- Learning about fermentation of food and preserving excess vegetables – preparing veggies and observing what will happen in these wonderful jars, for me, is an amazing experience! For example, sauerkraut won’t have the same taste on the 7th and on 14th day of fermentation. Moreover, it is more likely that the taste will change completely. I don’t know about you, but this is absolutely fascinating to me. Also, because I constantly try different recipes, I often find myself in a situation where I don’t have enough time to use up all veggies before they spoil. I hate throwing away food and lacto-fermentation is a great way to prolong its life.
How Does Lacto-Fermentation Works
Lacto-fermentation of food is a process in which the Lactobacillus bacteria convert naturally occurring carbohydrates from food (in this case vegetables), into lactic acid.
During this process, carbon dioxide is also released, especially in those first few days of fermenting. In this process, Lactobacillus can be considered as “good bacteria”, which, if we provide them with desirable conditions, will sweep away those “bad bacteria” and make our food very tasty and funky.
What you need to pay attention to is that these types of bacteria can only survive in an anaerobic environment (environment without the presence of oxygen). That’s why you need to pay special attention that your cabbage stays under the brine the whole time during the process of fermentation. Otherwise, various molds, fungi, and other bacteria that we consider undesirable for us can develop. This will spoil the cabbage and we will not be able to consume it.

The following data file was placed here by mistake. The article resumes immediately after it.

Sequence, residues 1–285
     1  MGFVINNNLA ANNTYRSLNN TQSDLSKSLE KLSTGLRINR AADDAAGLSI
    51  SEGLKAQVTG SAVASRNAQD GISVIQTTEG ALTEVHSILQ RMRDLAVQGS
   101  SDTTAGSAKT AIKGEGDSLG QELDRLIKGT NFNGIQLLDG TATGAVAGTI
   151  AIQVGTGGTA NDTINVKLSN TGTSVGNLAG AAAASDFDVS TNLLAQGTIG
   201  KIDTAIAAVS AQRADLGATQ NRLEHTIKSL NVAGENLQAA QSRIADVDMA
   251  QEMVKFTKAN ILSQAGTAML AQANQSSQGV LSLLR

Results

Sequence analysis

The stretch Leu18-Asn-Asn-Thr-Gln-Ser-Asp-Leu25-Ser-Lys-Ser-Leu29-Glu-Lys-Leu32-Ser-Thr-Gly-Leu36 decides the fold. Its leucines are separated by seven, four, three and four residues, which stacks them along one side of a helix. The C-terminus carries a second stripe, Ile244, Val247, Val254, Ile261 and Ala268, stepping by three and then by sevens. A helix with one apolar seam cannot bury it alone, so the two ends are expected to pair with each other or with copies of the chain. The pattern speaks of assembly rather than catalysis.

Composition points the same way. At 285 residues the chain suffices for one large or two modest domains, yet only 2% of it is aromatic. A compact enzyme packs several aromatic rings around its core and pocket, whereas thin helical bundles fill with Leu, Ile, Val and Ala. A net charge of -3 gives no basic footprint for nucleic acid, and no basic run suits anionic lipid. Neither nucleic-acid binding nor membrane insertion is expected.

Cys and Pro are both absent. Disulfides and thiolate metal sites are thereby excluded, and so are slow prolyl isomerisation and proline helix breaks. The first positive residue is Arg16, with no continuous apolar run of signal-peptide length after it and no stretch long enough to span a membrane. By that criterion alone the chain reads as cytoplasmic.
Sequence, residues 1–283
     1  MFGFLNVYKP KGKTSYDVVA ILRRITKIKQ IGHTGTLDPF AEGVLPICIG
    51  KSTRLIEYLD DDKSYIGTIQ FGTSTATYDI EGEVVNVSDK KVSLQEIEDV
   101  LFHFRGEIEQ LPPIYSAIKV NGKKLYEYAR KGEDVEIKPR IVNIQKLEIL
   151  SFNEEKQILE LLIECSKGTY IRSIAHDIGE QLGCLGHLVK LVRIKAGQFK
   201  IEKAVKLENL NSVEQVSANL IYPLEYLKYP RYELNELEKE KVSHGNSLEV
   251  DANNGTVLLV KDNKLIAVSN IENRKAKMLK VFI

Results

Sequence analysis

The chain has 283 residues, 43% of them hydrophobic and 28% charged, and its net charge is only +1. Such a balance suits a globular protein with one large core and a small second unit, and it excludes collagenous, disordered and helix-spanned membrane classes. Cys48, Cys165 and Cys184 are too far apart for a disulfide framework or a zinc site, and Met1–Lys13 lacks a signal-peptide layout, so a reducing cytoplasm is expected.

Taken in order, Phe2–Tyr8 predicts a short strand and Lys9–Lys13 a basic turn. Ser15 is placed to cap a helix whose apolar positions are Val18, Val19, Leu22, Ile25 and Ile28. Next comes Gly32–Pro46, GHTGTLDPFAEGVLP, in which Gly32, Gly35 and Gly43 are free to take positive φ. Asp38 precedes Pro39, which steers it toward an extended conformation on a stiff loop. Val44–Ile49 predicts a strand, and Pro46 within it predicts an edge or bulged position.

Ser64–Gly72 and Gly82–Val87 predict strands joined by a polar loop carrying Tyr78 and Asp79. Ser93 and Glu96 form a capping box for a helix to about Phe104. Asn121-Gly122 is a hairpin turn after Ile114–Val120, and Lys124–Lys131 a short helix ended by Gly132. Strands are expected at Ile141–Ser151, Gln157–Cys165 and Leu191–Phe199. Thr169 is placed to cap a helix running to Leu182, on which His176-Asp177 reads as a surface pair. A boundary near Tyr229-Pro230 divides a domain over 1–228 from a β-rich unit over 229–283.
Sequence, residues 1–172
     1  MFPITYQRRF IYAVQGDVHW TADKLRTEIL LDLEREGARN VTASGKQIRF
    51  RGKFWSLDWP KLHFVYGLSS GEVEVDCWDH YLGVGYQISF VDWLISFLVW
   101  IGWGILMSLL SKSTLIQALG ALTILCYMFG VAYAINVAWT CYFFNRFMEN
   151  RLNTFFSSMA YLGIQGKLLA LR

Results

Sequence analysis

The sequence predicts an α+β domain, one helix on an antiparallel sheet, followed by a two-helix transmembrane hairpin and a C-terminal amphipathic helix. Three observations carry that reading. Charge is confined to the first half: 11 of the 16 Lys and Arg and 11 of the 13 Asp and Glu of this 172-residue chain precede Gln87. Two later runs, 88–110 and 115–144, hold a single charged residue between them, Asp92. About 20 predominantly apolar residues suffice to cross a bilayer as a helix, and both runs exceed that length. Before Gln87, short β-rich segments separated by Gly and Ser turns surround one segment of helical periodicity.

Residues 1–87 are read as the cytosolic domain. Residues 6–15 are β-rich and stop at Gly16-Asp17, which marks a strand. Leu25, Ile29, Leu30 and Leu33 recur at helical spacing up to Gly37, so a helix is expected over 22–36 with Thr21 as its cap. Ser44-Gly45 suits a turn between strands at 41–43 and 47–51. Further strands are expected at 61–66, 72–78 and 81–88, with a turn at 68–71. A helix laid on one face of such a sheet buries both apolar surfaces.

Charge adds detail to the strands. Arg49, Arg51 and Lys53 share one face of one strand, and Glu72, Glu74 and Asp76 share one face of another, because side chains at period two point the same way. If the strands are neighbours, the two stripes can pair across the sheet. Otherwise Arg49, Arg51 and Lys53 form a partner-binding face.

Wait a Minute, Can Salt Harm Good Bacteria?
It won’t, as a matter of fact, in the initial stage of fermentation, the salt will prevent the development of unwanted bacteria so that Lactobacillus can do their job. Salt also helps our vegetables to stay crispy, along with spices it develops flavor and controls the speed of fermentation, which is especially important during the warmer times of the year.
You may be wondering which salt is best to use for lacto-fermentation?
Someone says you should use Himalayan, not table salt, someone that you should use sea salt. The authors of the great book “The Art of Fermentation” Sandor Ellix Katz and Michael Pollan say that it doesn’t really matter what salt you use. I use sea salt most of the time in my cooking, so I used it in this recipe as well.
What Do you Need For Lacto-Fermentation
- Vegetables – With process of lacto-fermentation we can preserve almost any veggies that comes to our mind. Since I decided to make a homemade sauerkraut, I bought two cabbage varieties: green and red cabbage. You can use any type of cabbage you prefer. And you don’t need to stop there; add shredded carrots, parsley, celey root or even beetroot.